Referring once again to FIG. 3, each relay module 20 has a magneto-inductive signal receiver section 21 connected to magneto-inductive signal antenna 23 and RF relay section 22. Receiver section 21 has a battery power supply 20a appropriately coupled to power the components of relay module 20, although all these connections are not shown to avoid cluttering the drawings. Magneto-inductive signal antenna 23 receives the magneto-inductive signals in the ELF to VLF range from sensor modules 10 and couples them to high gain narrow band filter amplifiers 24 of receiver section 21. High gain narrow band filter amplifiers 24 may be a series of two high gain narrow band filter amplifiers coupled in a single superheterodyne configuration. This configuration reduces the internal noise of the circuit and maintains a very high gain. The output from amplifiers 24 is connected to demodulator/tone detector module 25. Demodulator/tone detector module 25 has an amplitude modulation (AM) demodulator that detects the smallest amplitude modulation of received carrier frequency and narrow band phase locked loop (PLL) based tone decoders that determine the constituents of the tones. The PLL converts the tone bursts into the corresponding voltage levels necessary to reconstruct the transmitted tones. The output of the PLL of receiver section 21 is coupled to output drivers 26 which drive RF relay transmitter 27. RF relay transmitter 27 is connected to RF antenna 27a that extends above the ground to relay the intrusion information from relay module 20 to central data gathering station 30 or other interested receivers such as patrol unit(s), border patrol station(s), border patrol helicopters, aircraft, or via satellite to any station or location in the world. This capability gives law enforcement agencies the opportunity to perform their jobs more effectively.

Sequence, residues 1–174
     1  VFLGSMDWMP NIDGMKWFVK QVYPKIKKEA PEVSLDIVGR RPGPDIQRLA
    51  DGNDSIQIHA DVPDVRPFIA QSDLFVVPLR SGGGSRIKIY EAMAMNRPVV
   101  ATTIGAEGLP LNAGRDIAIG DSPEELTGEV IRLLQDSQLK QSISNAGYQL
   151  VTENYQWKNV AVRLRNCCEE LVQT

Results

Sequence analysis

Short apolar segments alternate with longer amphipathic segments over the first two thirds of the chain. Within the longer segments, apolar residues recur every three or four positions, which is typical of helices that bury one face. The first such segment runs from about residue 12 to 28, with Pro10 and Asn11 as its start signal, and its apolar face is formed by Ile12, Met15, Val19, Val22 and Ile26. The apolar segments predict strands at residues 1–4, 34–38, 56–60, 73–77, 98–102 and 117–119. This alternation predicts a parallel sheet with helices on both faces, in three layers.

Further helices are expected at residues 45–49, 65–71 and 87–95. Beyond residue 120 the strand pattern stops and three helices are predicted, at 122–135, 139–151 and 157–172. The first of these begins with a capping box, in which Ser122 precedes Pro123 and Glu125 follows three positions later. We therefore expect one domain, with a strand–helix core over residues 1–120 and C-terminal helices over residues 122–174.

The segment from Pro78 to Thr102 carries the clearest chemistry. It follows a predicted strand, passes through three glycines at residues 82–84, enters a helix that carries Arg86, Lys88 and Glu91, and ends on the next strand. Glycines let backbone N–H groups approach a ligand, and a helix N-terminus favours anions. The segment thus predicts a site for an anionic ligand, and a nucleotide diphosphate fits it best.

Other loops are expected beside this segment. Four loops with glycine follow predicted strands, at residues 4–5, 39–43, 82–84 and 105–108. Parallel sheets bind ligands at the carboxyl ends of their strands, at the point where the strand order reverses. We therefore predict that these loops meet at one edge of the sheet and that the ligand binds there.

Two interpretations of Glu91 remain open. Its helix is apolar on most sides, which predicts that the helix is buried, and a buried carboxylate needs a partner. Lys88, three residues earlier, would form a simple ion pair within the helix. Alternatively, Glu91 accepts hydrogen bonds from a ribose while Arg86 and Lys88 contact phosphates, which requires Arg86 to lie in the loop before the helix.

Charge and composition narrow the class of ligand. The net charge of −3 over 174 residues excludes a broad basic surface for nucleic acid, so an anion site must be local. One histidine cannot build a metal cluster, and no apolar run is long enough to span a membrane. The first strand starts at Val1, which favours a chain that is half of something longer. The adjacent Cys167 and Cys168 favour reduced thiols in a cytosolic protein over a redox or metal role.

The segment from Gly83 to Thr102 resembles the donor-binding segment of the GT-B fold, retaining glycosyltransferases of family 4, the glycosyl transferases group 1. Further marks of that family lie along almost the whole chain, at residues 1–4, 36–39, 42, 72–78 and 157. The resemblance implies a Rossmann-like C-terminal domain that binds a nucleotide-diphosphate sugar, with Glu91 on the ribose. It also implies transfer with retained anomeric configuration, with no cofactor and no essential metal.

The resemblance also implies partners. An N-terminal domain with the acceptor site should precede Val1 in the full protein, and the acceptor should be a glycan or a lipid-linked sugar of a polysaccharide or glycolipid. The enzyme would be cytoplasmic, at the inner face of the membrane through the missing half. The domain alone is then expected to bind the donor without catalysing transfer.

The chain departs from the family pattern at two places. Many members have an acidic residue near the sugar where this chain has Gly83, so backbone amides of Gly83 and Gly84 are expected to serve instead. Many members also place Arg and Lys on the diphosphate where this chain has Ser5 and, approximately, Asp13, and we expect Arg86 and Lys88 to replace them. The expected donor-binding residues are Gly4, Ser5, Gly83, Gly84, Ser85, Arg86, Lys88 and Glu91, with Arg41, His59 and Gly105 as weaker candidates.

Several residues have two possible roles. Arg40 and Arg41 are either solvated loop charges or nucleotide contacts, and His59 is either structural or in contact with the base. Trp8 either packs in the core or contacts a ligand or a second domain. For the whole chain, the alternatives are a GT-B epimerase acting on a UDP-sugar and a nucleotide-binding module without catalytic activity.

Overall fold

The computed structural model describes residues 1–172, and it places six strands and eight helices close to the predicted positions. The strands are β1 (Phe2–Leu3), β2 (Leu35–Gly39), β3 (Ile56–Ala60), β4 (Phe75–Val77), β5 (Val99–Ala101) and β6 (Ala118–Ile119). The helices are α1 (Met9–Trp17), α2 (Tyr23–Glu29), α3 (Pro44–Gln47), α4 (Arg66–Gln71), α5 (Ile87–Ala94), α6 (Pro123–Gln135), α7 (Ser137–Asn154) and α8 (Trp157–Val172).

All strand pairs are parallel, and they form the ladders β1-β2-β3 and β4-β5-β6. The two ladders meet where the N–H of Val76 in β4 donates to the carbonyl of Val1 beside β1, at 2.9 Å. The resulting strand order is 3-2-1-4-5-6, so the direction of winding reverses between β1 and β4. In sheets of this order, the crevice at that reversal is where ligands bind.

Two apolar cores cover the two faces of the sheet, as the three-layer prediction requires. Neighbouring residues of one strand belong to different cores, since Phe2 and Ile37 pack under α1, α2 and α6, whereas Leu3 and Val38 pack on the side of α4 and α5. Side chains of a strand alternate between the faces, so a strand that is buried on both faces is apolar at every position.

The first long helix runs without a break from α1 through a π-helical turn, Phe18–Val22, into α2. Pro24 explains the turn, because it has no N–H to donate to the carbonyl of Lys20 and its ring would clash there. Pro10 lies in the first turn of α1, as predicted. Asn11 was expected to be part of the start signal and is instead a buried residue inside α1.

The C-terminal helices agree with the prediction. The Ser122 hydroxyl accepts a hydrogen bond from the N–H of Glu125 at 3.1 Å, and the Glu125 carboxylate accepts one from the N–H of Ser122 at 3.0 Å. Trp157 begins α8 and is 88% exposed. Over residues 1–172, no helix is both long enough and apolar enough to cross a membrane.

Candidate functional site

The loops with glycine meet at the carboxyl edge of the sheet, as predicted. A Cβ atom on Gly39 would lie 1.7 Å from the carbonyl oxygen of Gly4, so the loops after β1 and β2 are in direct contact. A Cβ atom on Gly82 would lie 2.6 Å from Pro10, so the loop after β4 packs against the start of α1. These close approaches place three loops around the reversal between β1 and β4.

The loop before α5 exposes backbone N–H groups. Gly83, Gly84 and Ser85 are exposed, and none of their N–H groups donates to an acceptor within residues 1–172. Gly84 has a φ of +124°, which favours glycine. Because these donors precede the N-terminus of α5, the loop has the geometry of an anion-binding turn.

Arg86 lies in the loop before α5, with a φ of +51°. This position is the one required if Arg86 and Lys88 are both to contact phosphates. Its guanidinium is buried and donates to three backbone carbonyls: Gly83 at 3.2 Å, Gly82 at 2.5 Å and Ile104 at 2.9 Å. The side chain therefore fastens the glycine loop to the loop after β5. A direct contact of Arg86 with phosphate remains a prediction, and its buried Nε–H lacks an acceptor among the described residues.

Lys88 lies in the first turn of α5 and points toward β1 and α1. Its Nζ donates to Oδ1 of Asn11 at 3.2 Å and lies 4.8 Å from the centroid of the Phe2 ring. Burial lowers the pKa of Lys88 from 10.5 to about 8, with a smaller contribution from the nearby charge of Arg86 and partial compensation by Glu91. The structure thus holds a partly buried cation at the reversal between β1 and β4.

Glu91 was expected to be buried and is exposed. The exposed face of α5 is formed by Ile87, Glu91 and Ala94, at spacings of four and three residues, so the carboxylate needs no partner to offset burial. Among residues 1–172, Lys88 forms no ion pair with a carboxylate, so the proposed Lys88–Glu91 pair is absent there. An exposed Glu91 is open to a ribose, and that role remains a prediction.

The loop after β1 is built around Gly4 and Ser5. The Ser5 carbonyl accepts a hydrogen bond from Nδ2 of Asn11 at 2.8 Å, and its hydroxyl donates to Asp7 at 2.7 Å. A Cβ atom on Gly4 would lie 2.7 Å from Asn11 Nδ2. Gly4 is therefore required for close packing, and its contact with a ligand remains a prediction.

In accordance with this invention, encroachments will be detected by a number of buried seismic sensor modules 10 and buried relay modules 20 that have only their camouflaged RF antennas 27a above ground. The relay modules 20 are located a safe distance behind sensor modules 10 located along a perimeter or border. Optionally, modules 10 and 20 can be connected to electrical power lines or have power sources that may be rechargeable with photo voltaic solar cells or other means. As mentioned before, most of the components are buried so that their presence will be undetectable. This assures long service.